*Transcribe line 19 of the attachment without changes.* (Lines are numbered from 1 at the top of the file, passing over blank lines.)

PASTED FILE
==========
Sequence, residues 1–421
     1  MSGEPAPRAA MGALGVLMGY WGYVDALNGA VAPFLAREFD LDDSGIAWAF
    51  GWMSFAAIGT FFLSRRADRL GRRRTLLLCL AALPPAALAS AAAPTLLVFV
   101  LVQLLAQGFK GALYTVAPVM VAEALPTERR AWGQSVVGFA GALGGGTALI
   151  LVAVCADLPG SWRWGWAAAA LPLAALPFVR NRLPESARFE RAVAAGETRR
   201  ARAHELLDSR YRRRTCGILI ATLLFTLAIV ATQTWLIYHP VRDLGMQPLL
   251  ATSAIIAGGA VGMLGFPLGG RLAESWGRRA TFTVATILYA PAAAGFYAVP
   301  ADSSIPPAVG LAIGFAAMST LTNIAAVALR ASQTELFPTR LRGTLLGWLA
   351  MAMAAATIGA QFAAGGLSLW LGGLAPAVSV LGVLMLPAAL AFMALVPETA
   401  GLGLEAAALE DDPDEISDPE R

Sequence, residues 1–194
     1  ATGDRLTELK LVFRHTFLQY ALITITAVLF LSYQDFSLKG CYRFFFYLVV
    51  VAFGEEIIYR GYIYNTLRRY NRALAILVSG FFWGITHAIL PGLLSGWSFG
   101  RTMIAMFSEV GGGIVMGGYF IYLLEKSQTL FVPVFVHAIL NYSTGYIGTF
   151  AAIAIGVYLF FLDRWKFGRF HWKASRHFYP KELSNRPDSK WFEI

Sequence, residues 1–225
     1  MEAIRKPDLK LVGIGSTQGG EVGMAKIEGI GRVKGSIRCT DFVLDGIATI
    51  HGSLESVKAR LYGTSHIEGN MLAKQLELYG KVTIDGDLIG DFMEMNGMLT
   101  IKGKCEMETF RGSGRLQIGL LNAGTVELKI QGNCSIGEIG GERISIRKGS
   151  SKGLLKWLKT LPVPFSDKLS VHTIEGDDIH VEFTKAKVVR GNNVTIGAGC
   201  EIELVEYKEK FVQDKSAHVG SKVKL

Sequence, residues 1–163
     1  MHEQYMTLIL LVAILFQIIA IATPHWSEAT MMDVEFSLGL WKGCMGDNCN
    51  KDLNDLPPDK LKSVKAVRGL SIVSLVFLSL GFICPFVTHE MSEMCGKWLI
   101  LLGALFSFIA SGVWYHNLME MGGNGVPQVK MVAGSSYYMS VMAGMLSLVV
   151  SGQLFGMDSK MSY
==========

   101  IKGKCEMETF RGSGRLQIGL LNAGTVELKI QGNCSIGEIG GERISIRKGS